6 Incredible Off-Season Destinations in the Southern Hemisphere
6 Incredible Off-Season Destinations in the Southern Hemisphere

We often associate vacationing with summer, but in fact, it’s not always the best time to visit a destination. Depending on what you have planned, sometimes you’ll have a better experience if you time your trip for spring, fall, or even winter. If you have booked time off in the northern hemisphere summer but are keen to shake up your vacation plans, here are our picks for off-season destinations in the southern hemisphere.

Cusco and the Sacred Valley, Peru

Ruins of Inca Empire city and Huaynapicchu Mountain in Sacred Valley, Cusco.
Credit: ecstk22/ Shutterstock

If you’ve always dreamed of seeing Machu Picchu and the other Inca sites of Peru’s Sacred Valley, the southern hemisphere summer is just about the worst time you could choose for your trip to Cusco. January and February are typically characterized by heavy rainfall. At that time of year, landslides can impact the railway to Machu Picchu and if you were planning to hike instead, know that February is when essential maintenance is carried out on the Inca Trail. In contrast, head to Cusco in the winter months of June, July, and August. You’re likely to experience cold nights, but clear skies and abundant sunshine make daytime sightseeing a pleasure. In June, you’ll also have the bonus of being able to experience the Inti Raymi festival, an extraordinary spectacle that celebrates the culture of the Incas.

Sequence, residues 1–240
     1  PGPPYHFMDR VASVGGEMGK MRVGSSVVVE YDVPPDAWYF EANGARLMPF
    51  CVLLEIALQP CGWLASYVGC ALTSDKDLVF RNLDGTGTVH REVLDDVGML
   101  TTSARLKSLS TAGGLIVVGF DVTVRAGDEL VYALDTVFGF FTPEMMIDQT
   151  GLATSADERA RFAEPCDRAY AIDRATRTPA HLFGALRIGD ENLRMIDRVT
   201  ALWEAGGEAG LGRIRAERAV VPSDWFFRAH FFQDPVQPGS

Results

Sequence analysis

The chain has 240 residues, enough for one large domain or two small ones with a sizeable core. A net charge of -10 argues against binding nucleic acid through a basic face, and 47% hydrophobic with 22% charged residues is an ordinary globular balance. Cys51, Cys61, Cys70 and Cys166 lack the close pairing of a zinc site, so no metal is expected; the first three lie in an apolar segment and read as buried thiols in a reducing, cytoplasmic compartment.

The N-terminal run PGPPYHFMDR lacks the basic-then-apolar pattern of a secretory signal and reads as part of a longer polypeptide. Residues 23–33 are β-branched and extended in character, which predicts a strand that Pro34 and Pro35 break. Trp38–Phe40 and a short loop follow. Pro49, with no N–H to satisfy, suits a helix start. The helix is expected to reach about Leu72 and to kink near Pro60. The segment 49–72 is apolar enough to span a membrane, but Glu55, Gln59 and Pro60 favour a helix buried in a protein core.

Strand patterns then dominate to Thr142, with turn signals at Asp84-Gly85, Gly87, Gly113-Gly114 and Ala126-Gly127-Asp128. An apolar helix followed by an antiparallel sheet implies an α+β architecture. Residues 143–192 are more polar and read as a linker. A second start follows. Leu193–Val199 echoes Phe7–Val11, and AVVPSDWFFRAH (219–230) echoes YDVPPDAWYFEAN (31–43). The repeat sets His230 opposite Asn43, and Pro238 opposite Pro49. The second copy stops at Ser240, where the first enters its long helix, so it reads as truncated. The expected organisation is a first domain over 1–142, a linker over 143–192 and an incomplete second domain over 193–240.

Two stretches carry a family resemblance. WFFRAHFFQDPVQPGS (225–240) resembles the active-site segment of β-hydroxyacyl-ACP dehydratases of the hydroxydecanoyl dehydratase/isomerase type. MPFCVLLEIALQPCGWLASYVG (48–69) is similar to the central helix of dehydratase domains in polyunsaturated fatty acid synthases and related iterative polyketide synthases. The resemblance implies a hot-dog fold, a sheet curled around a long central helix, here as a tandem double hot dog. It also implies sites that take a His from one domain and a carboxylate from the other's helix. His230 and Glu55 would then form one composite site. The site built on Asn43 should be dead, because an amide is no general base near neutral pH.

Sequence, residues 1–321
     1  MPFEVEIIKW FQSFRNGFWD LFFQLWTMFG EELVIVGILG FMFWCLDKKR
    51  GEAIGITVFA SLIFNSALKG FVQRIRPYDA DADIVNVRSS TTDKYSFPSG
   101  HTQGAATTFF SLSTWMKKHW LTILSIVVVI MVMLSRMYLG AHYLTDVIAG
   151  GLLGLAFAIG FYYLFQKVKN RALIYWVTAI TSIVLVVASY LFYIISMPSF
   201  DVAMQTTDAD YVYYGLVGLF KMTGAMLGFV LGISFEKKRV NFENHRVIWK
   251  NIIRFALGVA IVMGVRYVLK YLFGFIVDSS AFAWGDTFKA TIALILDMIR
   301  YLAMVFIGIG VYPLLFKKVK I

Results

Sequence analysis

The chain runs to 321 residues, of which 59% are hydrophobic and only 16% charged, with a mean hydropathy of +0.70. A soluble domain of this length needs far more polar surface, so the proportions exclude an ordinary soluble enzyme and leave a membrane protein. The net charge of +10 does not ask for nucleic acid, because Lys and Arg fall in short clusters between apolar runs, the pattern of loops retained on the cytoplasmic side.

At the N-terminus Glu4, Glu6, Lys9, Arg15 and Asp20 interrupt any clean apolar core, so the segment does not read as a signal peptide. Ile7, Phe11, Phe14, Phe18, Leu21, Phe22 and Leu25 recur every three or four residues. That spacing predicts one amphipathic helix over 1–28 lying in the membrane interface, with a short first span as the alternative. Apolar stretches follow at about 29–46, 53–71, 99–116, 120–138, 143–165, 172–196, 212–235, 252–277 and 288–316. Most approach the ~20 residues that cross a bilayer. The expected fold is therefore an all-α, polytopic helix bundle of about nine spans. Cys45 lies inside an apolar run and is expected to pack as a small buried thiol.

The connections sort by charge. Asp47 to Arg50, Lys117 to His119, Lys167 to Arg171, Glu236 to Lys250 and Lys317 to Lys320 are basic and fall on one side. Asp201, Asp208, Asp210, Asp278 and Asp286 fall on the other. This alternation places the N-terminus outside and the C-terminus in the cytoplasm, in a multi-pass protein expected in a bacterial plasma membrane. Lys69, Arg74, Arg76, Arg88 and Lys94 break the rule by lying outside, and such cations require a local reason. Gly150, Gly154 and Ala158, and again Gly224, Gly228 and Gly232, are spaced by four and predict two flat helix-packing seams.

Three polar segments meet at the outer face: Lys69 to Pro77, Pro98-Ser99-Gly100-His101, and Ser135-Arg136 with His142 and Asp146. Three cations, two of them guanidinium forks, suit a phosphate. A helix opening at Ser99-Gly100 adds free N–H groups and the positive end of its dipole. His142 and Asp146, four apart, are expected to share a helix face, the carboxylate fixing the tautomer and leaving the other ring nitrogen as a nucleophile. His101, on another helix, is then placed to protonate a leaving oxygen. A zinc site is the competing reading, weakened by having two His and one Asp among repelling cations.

Kruger National Park, South Africa

Lioness and cub in the Kruger National Park.
Credit: Thomas Retterath/ Shutterstock

Safaris are a bucket-list item for many of us and South Africa’s largest national park is home to the Big Five: lion, leopard, buffalo, elephant, and rhino. The southern hemisphere winter coincides with the dry season. The vegetation thins and wildlife tends to congregate more and more at the waterholes as they seek out a reliable water supply. That’s good news for safari guests as it’s easier to locate the animals you’ve come to see. And there’s another bonus awaiting travelers who come during South Africa’s winter: Kruger is one of the few areas of the country where malaria is found but the risk is highest between November and April. Although it’s still advisable to take pills year-round, you’ll be far less troubled by getting mosquito bite if you travel outside peak season.

Franz Josef, New Zealand

Scenic landscape at Franz Josef Glacier.
Credit: Jan Mika/ Shutterstock

The southern hemisphere winter is a great time to visit the town of Franz Josef and its nearby glacier. The weather on New Zealand’s South Island is often calm and settled, with more clear days at this time of year. Colder temperatures up on the glacier mean that the ice doesn’t travel downhill quite as fast as it does in summer, bringing stability to features such as crevasses and ice caves. Guided ice hikes take place year-round but with fewer people around than in peak season, it’s far easier to get booked in. If you are unlucky with the weather, the area’s hot springs are the ideal place to go if it’s raining. Immerse yourself in nature at the Waiho Hot Tubs, where you can soak in wood-fired hot tubs surrounded by lush rainforest.